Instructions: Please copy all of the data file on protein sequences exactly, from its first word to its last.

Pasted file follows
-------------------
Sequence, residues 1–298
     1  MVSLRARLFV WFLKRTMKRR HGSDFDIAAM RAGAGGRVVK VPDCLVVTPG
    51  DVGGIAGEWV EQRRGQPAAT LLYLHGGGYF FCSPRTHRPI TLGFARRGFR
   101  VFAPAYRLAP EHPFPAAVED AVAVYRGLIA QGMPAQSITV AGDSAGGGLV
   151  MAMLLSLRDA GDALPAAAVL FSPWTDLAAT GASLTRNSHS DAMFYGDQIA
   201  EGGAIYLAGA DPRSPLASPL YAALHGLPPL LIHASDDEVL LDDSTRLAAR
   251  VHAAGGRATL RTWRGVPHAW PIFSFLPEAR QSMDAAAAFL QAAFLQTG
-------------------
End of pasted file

Sequence, residues 1–298
     1  MVSLRARLFV WFLKRTMKRR HGSDFDIAAM RAGAGGRVVK VPDCLVVTPG
    51  DVGGIAGEWV EQRRGQPAAT LLYLHGGGYF FCSPRTHRPI TLGFARRGFR
   101  VFAPAYRLAP EHPFPAAVED AVAVYRGLIA QGMPAQSITV AGDSAGGGLV
   151  MAMLLSLRDA GDALPAAAVL FSPWTDLAAT GASLTRNSHS DAMFYGDQIA
   201  EGGAIYLAGA DPRSPLASPL YAALHGLPPL LIHASDDEVL LDDSTRLAAR
   251  VHAAGGRATL RTWRGVPHAW PIFSFLPEAR QSMDAAAAFL QAAFLQTG